The WHO EWG’s proposals for taxes to fund medical R&D

Some surprising taxes, and evidence of IFPMA lobbying

Next week the World Health Organization (WHO) will consider the Executive Summary of the Report of the Expert Working Group on Research and Development Financing. This document, formally identified as EB 126/6 Add.1, includes consensus recommendations from 24 experts, including the U.S. member, Mark Rohrbaugh from the NIH. Among the core responsibilities of this panel was to recommend new sustainable ways to generate funds for medical R&D. In its executive summary, the group highlights “a new indirect tax (a consumer-based tax)” to generate billions of dollars per year.

  • a 10% tax on the arms trade market, which might net about US$ 5 billion per annum;
  • digital tax or “bit” tax: Internet traffic is huge and likely to increase rapidly; this tax could yield tens of billions of US dollars from a broad base of users;
  • A tax on bank account transactions, modeled aftere a 0.38% levy on paying bills online and major withdrawals, modeled after Brazil’s now rejected financial transaction tax – Contribuição Provisória sobre Movimentação ou Transmissão de Valores e de Créditos e Direitos de Natureza Financeira (CPMF).
  • A tax on airline tickets, modeled after the UNITAID airline tax now used by several countries to fund treatments for AIDS.

In one background document that was obtained by the IFPMA and circulated to its members, the digital tax on Internet users was predicted to raise $2 billion per year, and was given the most favorable rating in terms of being “most likely to work for health R&D.” (Mary Moran, Comparative Analysis of Innovative Financing Proposals for Health R&D, page 18).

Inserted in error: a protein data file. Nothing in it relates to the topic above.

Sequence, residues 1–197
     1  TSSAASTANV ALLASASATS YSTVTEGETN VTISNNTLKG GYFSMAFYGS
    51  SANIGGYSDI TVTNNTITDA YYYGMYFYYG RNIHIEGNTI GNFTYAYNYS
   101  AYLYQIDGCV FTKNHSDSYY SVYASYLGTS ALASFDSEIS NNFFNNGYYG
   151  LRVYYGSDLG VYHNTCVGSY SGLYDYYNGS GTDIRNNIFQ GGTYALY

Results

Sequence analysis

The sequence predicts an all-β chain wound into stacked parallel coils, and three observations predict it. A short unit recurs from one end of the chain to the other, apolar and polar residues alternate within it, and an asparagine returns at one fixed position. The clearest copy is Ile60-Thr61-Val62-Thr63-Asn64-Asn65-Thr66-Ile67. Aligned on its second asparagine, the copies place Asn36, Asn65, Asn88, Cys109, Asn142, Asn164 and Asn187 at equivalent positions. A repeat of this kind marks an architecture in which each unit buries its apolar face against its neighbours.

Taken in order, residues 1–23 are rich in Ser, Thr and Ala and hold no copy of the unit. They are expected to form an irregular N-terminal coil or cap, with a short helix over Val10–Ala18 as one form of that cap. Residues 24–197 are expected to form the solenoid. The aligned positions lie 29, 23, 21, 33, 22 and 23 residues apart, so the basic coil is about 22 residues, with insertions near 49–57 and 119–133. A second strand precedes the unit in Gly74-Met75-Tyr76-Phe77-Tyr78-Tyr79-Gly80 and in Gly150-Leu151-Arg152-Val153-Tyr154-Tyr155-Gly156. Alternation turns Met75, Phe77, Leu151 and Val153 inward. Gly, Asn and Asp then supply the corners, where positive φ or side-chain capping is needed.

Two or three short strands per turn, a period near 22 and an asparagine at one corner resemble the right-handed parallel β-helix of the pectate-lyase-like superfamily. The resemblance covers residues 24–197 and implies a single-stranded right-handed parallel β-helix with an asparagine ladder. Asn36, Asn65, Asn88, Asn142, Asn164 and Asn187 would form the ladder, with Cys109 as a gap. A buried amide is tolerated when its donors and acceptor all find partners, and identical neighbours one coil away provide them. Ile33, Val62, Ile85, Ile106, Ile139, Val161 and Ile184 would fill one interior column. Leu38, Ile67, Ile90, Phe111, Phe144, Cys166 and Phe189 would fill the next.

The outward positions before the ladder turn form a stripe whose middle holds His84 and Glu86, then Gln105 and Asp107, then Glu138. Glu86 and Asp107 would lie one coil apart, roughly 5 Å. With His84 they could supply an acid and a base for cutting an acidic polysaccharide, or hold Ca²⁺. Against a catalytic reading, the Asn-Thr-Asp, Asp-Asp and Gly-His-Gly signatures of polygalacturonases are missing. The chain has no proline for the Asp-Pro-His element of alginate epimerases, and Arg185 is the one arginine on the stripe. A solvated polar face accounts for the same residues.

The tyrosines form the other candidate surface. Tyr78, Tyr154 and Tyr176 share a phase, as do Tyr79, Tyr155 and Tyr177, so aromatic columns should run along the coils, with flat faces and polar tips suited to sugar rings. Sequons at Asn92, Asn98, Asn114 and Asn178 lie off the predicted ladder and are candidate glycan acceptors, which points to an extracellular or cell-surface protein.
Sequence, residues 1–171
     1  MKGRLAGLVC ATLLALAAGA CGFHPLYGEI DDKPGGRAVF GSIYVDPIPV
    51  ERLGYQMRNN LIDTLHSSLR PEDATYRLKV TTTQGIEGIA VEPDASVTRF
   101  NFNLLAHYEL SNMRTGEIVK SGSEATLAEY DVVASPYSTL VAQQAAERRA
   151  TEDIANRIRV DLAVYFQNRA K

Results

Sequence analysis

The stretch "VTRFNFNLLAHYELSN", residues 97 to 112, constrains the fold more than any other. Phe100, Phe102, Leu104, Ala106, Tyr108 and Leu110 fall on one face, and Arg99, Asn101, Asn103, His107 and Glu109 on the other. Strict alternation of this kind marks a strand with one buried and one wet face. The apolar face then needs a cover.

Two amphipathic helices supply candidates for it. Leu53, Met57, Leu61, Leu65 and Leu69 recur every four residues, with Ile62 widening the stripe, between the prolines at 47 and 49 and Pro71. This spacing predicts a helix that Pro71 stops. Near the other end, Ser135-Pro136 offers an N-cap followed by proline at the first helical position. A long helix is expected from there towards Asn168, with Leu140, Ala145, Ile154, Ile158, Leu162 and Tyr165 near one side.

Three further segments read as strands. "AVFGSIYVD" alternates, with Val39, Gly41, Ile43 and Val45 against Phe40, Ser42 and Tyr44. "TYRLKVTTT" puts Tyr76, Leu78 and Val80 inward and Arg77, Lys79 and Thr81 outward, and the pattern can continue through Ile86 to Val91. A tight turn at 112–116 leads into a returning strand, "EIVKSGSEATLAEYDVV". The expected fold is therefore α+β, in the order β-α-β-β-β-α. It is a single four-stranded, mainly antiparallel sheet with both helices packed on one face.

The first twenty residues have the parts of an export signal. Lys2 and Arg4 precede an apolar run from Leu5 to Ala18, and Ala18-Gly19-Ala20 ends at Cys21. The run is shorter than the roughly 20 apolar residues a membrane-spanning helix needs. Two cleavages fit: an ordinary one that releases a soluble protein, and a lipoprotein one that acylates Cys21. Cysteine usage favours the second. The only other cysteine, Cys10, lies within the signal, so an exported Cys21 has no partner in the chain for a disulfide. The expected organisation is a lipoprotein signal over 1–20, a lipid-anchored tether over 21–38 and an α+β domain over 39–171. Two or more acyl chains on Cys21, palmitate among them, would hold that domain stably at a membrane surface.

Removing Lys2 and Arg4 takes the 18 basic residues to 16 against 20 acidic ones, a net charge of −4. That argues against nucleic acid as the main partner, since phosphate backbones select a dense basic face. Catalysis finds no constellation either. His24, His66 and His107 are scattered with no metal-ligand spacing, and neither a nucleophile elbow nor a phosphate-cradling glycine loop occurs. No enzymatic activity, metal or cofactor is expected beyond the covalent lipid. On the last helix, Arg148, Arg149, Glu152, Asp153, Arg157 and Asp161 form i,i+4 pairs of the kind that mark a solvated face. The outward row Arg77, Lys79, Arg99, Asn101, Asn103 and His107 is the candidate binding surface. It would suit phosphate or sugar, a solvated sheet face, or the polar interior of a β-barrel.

We asked key members of the U.S. delegation to the WHO discussions if the US indeed endorsed these recommendations, since they were presented to the WHO EB as having the approval of all members of the EWG, including the representative from the NIH. They seemed frankly surprised at the question.

While the whole WHO EWG report is not yet public (except for a draft version on Wikileaks that was distributed by the IFPMA), the WHO has made several of the working papers of the EWG available, including a report by the George Institute for International Health. According to the George Institute paper, which was prepared for the EWG, the taxes are described as follows:

The following fundraising options have been put forward based on the likelihood they can generate new funds for health R&D in a sustainable way:

  • A new indirect tax (a consumer based tax)
  • Voluntary business and consumer contributions
  • Taxation of repatriated pharmaceutical profits
  • New donor funds for health R&D

A new indirect tax

Indirect taxes involve a small tax being imposed on specified products or transactions. Typically the tax is paid by the consumer or user of the product/transaction, collected by the retailer and forwarded to the taxation authority. Once in place they are compulsory and offer varying degrees of diversity depending on the tax. These mechanisms aim to raise revenue and, in the cases of the tax on the arms trade and excise duties on tobacco and alcohol, to discourage the (excess) consumption of a particular product. In these cases there are likely to be positive spill-overs in terms of health gains. The digital tax involves a charge on traffic over the internet. It was first discussed in the 1990s and various proponents have put forward different versions of this tax. Examples include a tax of one US cent on every 100 e-mails of 10 KB sent, a charge per specific number of email messages (eg 10 cents per 1000 messages), a charge per SMS message and a charge by the quantity of information sent/received (eg for internet telephony and video). The key element is a very low charge.


Fund-raising capacity and additionality: An indirect tax could potentially raise very significant amounts of revenue: